In December, the African Union said that between 400,000 and 700,000 migrants were thought to be in at least 40 detention centres across Libya. Last year, Amnesty International accused Libya’s coast guard of “violent and reckless” conduct during interceptions. It cited an incident in which some 50 people drowned after the coast guard intervened during a rescue attempt by a ship operated by a non-governmental agency called Sea-Watch.

In May, more than a hundred migrants, who had been kidnapped and held captive by human traffickers near the western town of Beni Walid, managed to escape. However, they shot at by their captors and at least 15 were said to have been killed.

Survivors, mostly teenagers from Ethiopia, Eritrea and Somalia, told Medecins Sans Frontieres, the French charity, that some of them had been held for up to three years.
 

This piece originally appeared here.

“Death Would Have Been Better”: Europe Continues to Fail Refugees and Migrants in Libya

“Death Would Have Been Better”: Europe Continues to Fail Refugees and Migrants in Libya

This Refugees International report details how European policies designed to keep asylum seekers, refugees, and migrants from crossing the Mediterranean Sea to Italy are trapping thousands of men, women and children in appalling conditions in Libya. Based on a February 2018 field mission, the report describes the harrowing experiences of people detained in Libya’s notoriously abusive immigration detention system where they are exposed to grave human rights violations, including arbitrary detention and physical and sexual abuse.

News Deeply: For Refugees Detained in Libya, Waiting is Not an Option

Niger has halted refugee evacuations from Libya after E.U.resettlement promises were not kept. Izza Leghtas from Refugees International calls for urgent action with lives at stake.

WHEN WE MET in Niger last month, Helen* described the horrific year she had spent in Libya. She talked of the brutality of human smugglers, of being detained with hundreds of others in deplorable conditions without enough food.

The 20-year-old Eritrean is one of roughly 1,000 refugees from East Africa who have been evacuated by the U.N. Refugee Agency (UNHCR) from Libya’s detention centers to its southern neighbor, Niger. That program is now under threat.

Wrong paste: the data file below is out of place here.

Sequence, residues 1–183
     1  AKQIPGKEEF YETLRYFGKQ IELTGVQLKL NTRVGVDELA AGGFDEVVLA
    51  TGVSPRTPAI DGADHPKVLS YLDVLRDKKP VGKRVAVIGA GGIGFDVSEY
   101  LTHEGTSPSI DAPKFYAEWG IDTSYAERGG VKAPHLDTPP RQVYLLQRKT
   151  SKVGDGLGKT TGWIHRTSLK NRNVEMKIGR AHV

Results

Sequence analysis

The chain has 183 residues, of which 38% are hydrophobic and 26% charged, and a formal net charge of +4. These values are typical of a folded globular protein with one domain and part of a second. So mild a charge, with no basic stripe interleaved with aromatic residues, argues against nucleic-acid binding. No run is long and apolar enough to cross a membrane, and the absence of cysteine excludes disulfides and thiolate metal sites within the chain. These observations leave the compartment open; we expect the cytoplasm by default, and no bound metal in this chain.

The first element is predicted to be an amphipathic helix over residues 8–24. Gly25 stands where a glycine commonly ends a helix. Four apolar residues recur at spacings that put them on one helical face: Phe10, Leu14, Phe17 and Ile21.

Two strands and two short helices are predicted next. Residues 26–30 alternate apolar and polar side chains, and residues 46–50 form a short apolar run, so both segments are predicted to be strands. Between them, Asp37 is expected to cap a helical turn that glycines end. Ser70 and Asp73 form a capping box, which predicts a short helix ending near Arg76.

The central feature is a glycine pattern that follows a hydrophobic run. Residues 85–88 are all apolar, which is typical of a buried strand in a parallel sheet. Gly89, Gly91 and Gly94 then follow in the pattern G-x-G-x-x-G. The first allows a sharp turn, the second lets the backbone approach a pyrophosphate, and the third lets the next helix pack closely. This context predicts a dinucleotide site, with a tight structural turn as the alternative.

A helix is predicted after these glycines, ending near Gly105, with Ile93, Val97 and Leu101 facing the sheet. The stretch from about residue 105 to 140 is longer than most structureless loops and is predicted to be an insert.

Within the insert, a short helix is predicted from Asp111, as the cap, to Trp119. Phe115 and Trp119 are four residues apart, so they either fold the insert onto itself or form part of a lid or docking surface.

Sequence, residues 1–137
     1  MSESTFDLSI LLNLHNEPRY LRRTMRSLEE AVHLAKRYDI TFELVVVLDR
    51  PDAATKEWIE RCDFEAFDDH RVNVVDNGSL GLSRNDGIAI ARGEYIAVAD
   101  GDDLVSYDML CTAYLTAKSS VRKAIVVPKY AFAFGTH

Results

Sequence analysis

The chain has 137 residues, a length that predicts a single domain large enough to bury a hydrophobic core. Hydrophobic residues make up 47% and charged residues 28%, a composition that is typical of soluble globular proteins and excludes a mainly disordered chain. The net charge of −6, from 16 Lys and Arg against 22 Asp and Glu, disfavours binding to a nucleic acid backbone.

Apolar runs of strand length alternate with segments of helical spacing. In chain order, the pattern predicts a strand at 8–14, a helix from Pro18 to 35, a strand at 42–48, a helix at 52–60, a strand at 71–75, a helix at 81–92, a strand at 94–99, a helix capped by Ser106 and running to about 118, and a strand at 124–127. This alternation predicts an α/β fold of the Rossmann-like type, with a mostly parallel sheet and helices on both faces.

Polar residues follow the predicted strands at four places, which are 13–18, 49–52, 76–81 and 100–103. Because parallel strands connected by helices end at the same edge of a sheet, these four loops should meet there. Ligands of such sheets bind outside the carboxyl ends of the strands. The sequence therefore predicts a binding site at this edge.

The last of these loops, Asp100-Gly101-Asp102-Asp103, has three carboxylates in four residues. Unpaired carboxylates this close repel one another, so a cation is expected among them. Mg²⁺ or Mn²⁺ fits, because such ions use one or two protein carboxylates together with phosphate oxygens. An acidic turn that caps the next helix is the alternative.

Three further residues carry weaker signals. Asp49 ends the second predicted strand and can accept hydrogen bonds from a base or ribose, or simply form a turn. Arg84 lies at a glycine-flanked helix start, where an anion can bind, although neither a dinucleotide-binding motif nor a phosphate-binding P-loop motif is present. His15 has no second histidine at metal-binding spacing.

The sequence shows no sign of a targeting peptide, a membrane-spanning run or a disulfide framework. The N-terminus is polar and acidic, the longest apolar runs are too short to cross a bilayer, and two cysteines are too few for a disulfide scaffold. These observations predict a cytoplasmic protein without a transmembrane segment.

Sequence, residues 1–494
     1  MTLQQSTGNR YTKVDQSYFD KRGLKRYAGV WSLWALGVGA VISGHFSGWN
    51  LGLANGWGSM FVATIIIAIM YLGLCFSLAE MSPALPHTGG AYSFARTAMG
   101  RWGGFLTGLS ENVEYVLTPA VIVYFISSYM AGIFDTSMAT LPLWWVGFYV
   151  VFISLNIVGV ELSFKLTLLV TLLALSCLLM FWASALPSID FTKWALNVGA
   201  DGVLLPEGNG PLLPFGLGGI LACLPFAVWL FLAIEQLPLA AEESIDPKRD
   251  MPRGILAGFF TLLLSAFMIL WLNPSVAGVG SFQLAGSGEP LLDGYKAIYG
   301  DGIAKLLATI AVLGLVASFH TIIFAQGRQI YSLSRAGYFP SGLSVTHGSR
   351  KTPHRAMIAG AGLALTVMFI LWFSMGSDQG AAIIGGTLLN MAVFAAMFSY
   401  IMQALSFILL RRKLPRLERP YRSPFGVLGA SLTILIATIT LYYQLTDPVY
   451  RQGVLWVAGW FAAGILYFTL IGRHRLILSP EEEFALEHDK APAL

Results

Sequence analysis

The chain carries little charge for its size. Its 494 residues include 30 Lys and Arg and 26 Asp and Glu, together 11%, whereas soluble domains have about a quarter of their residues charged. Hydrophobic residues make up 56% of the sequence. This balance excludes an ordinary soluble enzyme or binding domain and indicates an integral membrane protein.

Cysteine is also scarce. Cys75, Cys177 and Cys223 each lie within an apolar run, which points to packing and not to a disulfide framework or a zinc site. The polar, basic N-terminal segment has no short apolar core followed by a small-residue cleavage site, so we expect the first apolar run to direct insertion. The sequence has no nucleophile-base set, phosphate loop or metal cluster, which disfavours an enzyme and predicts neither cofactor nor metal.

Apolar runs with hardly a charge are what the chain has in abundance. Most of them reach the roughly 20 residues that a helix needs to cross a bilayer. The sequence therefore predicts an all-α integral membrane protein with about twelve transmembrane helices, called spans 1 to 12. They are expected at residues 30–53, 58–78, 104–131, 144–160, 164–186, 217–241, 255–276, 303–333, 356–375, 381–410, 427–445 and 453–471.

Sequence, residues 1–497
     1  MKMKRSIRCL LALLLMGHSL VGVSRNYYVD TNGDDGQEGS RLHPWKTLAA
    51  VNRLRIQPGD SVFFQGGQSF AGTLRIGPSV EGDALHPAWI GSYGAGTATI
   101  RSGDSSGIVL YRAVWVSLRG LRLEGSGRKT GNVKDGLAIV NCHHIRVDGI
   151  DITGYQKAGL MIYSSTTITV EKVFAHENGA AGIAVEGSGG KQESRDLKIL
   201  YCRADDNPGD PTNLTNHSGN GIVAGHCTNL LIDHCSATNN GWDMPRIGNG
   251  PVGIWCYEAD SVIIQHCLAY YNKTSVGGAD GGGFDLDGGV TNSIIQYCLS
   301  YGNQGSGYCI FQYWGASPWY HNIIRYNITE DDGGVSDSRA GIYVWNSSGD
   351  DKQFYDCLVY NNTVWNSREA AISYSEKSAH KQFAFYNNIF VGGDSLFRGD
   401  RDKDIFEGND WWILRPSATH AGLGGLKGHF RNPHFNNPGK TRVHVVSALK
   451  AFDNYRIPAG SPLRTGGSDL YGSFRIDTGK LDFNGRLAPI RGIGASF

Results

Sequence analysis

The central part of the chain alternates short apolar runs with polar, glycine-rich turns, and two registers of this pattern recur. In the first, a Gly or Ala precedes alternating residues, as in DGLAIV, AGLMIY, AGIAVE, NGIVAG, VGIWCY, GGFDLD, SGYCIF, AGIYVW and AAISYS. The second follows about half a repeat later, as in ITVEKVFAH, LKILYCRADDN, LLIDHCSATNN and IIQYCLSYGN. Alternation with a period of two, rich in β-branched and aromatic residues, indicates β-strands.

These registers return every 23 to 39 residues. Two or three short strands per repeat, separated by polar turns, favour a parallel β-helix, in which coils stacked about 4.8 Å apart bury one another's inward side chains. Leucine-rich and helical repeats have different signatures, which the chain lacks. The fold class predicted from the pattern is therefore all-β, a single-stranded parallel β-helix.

While Helen has made it to the safety of Niger, she is deeply concerned about the people she left behind. She told me she has received desperate phone calls from them wondering when they might be evacuated. “They say, It’s like we are alive, but we are dead,” she said.

Niger generously agreed to host these refugees temporarily while European countries process their asylum cases far from the violence and chaos of Libya and proceed to their resettlement. In theory it should mean a few weeks in Niger until they are safely transferred to countries such as France, Germany or Sweden, which would open additional spaces for other refugees trapped in Libya.

But the resettlement process has been much slower than anticipated, leaving Helen and hundreds of others in limbo and hundreds or even thousands more still in detention in Libya. Several European governments have pledged to resettle 2,483 refugees from Niger, but since the program started last November, only 25 refugees have actually been resettled – all to France.

As a result, UNHCR announced last week that Niger authorities have requested that the agency halt evacuations until more refugees depart from the capital, Niamey. For refugees in Libya, this means their lifeline to safety has been suspended.

Many of the refugees I met in Niger found themselves in detention after attempting the sea journey to Europe. Once intercepted by the Libyan coast guard, they were returned to Libya and placed in detention centers run by Libya’s U.N.-backed Government of National Accord (GNA). The E.U. has prioritized capacity building for the Libyan coast guard in order to increase the rate of interceptions. But it is an established fact that, after being intercepted, the next stop for these refugees as well as migrants is detention without any legal process and in centers where human rights abuses are rife.

David*, a 26-year-old refugee from South Sudan, told me he spent 17 hours at sea before he and more than 100 others were picked up by the Libyan coast guard and taken to a detention center in Tripoli. David said that he and other sub-Saharan Africa refugees and migrants were given worse treatment than others because of their skin color. He said that once, when he was unwell, he waited in line to be taken to a clinic. He recalled that, even though he had arrived earlier, the guard in charge took three men from Morocco first. “[When] I said I came here before them, [the guard said], ‘You’re black, you’re a slave.’”

To be clear, evacuating refugees from Libya and resettling them from Niger is a humanitarian necessity. It does not absolve European governments of their responsibilities to push for an end to Libya’s criminalization of irregular migration and detention of refugees and undocumented migrants. European governments work very hard at great expense to stop people from crossing the Mediterranean Sea. This includes support for a system that picks up refugees and migrants at sea and deposits them to captivity and abuse.

For the full article, click here.